Internship Postcards: Emma Vaimberg '14
August 2011—story by Jenny Morgan
Emma Vaimberg ‘14 (pictured fourth from the left) was an after-school tutor for the Vela Scholars program during the spring semester this year, and she eagerly jumped at the opportunity to join the team of interns who brought the summer program to life.
This summer, 150 students interned in twelve states and thirteen countries around the world through the Center for Community Engagement’s summer internships programs. Each day this week, we’ll share a different internship postcard. The first postcard is from Emma Vaimberg '14, who, along with eight other Amherst College students, interned with the Vela Scholars Program in Amherst, Massachusetts.
Emma Vaimberg ‘14 (pictured fourth from the left) was an after-school tutor for the Vela Scholars program during the spring semester this year, and she eagerly jumped at the opportunity to join the team of interns who brought the summer program to life. Based at the Amherst Regional Middle School in Amherst, MA, the Vela Scholars program (formerly the Pipeline Scholars) is an academic enrichment program that partners with Amherst College to encourage middle school youth to reach their full academic potential. The program’s new name, which means to “rise and grow,” comes from the South African language Xhosa. Vaimberg, a pre-med sophomore from Westport, Connecticut, says the internship surprised her. “Working with the kids is not what I expected. It’s tiring, but it feels really good at the end of the day. When a kid really wants to keep working on a project, you feel accomplished.”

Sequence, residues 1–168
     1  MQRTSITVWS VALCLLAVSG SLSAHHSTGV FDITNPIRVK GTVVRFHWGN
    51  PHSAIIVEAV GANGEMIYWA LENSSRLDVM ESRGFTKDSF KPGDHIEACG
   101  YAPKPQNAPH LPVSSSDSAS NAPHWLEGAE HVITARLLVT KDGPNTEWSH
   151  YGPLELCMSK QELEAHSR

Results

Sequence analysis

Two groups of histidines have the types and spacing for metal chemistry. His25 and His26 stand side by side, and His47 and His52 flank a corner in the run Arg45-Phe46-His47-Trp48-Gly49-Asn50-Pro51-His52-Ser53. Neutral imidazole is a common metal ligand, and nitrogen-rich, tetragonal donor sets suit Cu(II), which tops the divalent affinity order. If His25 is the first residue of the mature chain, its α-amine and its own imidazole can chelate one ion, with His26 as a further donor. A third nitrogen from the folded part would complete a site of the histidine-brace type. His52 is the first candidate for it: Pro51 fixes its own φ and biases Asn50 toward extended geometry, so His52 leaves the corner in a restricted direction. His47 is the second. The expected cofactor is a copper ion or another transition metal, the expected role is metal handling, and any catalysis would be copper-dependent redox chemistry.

The summer program consisted of three hours of classroom time in the morning and two hours of afternoon interest-based activities. The nine Amherst College interns supported the four morning classrooms in pairs, with Vaimberg floating between the classes. From researching social justice issues to designing rollercoasters, the Vela Scholars were engaged and excited by the curriculum—much to Vaimberg’s delight. “I think it can be hard for a 12-14 year old student to come into school during the summer, and have to do schoolwork, and I was surprised by how excited they were about the projects.” During the afternoon, the interns gave the students structured time to explore their creative sides through “passion projects” and clubs for aspiring filmmakers, music aficionados, and everything in between. The afternoon program was designed entirely by the interns, who wanted to provide the perfect amount of structure to support the natural curiosities of the students. The only rule for an assigned research project was to find something they were interested in. “We figured that if we gave them the option to research whatever they wanted, they’d be a lot more excited about it,” Vaimberg explains. Vaimberg doesn’t plan on becoming a teacher, but she will tell you enthusiastically that she plans to continue tutoring in Vela’s after-school program and is open to another internship with the summer program.
Stay tuned for tomorrow's postcard from Alex Gomes Pereira '12, who interned at the Center for New Americans in Northampton, Massachusetts.
Jenny Morgan is a staff writer for the CCE. She welcomes any questions or comments at jmorgan[at]amherst[dot]edu.